This simply means that the voice box has become inflamed. It is frequent following the common cold, as germs move down the upper air passages to become established there. Often the infection remains, giving rise to bronchitis, or even pneumonia if it is not brought under control fairly quickly.

However, there are many other causes. Getting a chill, getting wet and not putting on dry clothes can reduce resistance arid give germs the chance to become established in the larynx. Smoking, alcohol, and even overuse of the voice have been cited as possible causes. In the presence of a mild upper respiratory tract infection, overuse of the voice, shouting and straining can probably help bring on laryngitis. It is common, in this context, in singers and those who use their voices professionally.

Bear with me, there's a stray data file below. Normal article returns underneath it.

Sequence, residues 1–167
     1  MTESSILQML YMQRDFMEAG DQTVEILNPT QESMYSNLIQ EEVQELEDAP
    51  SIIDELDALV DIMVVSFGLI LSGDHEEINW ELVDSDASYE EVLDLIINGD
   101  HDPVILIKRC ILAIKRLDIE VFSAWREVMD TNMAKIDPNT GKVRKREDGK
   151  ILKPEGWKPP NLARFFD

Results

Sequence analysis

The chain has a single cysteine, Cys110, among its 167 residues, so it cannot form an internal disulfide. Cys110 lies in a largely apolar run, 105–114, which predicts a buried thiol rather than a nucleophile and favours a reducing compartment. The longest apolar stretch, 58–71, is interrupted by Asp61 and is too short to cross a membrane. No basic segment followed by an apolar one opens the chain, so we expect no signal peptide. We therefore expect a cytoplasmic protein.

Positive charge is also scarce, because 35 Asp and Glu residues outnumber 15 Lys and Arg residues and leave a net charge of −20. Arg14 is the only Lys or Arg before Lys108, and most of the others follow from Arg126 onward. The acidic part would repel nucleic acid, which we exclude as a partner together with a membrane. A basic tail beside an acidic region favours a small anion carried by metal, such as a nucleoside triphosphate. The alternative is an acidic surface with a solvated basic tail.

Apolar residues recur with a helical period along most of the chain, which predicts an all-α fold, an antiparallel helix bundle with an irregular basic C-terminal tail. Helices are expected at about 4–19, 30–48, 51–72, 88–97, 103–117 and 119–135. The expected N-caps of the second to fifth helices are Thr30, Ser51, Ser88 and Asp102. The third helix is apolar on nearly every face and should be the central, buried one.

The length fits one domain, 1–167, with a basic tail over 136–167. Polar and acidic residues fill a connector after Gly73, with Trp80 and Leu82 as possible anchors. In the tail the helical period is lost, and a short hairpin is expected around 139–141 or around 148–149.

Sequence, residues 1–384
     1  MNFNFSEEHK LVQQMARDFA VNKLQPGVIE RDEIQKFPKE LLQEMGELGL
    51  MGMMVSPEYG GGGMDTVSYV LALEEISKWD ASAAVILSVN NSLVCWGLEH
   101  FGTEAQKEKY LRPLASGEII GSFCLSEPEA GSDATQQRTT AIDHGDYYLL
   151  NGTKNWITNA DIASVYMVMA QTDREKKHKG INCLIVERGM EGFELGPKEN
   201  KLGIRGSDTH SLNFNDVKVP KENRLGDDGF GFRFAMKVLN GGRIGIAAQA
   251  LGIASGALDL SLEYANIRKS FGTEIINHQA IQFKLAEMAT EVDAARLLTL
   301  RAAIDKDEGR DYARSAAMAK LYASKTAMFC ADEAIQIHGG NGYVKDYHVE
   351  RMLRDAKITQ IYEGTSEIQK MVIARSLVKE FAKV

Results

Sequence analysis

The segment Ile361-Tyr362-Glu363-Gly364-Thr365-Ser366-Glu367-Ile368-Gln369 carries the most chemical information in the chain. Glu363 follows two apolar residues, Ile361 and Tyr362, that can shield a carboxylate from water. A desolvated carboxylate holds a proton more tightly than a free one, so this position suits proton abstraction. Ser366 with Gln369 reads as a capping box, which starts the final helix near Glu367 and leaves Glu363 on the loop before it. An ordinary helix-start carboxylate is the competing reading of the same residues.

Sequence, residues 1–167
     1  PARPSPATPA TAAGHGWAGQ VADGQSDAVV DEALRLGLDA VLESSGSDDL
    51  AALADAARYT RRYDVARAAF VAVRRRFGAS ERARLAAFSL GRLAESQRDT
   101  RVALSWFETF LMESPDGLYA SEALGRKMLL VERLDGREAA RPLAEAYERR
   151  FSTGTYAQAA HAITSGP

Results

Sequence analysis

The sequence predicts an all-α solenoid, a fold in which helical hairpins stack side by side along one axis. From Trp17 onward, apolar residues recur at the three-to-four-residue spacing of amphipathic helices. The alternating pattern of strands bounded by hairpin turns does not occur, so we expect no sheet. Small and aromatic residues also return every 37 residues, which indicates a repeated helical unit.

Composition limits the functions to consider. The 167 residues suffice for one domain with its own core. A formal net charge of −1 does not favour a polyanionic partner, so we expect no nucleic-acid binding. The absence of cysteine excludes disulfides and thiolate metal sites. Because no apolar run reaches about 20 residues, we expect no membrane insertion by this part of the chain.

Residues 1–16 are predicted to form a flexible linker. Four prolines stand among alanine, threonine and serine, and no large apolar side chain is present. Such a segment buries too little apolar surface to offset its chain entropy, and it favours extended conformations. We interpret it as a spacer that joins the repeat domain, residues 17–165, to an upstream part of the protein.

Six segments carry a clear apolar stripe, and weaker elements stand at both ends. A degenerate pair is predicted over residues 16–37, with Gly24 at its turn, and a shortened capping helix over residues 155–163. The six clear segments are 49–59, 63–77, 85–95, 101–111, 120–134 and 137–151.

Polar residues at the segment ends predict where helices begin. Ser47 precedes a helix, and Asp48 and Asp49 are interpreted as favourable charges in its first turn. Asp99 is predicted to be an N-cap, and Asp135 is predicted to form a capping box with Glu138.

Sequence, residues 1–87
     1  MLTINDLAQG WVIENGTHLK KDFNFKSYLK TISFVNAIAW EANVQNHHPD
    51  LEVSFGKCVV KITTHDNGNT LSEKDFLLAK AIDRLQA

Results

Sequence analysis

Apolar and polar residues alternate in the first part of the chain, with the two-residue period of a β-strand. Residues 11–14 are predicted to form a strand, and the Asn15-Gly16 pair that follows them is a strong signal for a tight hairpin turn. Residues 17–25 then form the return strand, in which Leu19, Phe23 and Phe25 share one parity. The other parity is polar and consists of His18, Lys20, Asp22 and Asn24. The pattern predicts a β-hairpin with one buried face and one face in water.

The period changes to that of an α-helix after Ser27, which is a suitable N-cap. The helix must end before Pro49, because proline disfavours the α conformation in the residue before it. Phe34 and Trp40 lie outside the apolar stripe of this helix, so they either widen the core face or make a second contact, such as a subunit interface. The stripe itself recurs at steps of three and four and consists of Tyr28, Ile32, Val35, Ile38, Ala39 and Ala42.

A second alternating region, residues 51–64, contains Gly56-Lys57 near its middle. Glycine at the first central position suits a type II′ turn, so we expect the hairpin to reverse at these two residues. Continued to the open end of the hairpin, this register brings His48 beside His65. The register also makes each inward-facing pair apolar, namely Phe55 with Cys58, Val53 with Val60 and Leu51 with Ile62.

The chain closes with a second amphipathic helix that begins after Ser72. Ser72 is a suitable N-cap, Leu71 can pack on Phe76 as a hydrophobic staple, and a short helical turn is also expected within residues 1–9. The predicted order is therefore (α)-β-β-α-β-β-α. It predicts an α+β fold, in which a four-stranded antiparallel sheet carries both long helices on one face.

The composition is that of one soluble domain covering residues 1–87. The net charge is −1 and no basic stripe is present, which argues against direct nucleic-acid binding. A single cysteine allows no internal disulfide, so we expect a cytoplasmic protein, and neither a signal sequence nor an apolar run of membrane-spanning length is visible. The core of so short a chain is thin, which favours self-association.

Slight hoarseness to a complete loss of ability to make any noise is the range of symptoms. Often there is a sense of constriction around the neck. There may be a huskiness, or total aphonia. Often there will be other symptoms, such as fever, or feeling off-color, or the general symptoms of the underlying infection.